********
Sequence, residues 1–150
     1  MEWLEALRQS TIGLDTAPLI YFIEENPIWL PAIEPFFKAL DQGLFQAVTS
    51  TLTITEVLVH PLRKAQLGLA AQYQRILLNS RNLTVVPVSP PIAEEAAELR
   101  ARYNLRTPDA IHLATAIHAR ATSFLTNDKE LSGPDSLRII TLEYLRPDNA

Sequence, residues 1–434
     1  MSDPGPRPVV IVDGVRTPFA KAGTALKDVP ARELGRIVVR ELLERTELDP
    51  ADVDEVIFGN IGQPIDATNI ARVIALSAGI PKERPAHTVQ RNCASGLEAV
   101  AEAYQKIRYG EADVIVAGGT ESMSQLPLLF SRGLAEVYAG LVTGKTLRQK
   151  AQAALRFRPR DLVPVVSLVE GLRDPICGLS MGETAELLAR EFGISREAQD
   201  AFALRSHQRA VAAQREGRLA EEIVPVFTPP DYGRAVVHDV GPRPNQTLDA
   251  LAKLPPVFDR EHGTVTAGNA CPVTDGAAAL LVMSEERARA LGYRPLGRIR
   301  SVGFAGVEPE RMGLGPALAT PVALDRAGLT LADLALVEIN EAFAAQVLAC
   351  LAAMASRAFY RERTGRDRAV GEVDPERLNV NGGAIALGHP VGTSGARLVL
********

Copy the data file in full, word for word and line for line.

Sequence, residues 1–150
     1  MEWLEALRQS TIGLDTAPLI YFIEENPIWL PAIEPFFKAL DQGLFQAVTS
    51  TLTITEVLVH PLRKAQLGLA AQYQRILLNS RNLTVVPVSP PIAEEAAELR
   101  ARYNLRTPDA IHLATAIHAR ATSFLTNDKE LSGPDSLRII TLEYLRPDNA

Sequence, residues 1–434
     1  MSDPGPRPVV IVDGVRTPFA KAGTALKDVP ARELGRIVVR ELLERTELDP
    51  ADVDEVIFGN IGQPIDATNI ARVIALSAGI PKERPAHTVQ RNCASGLEAV
   101  AEAYQKIRYG EADVIVAGGT ESMSQLPLLF SRGLAEVYAG LVTGKTLRQK
   151  AQAALRFRPR DLVPVVSLVE GLRDPICGLS MGETAELLAR EFGISREAQD
   201  AFALRSHQRA VAAQREGRLA EEIVPVFTPP DYGRAVVHDV GPRPNQTLDA
   251  LAKLPPVFDR EHGTVTAGNA CPVTDGAAAL LVMSEERARA LGYRPLGRIR
   301  SVGFAGVEPE RMGLGPALAT PVALDRAGLT LADLALVEIN EAFAAQVLAC
   351  LAAMASRAFY RERTGRDRAV GEVDPERLNV NGGAIALGHP VGTSGARLVL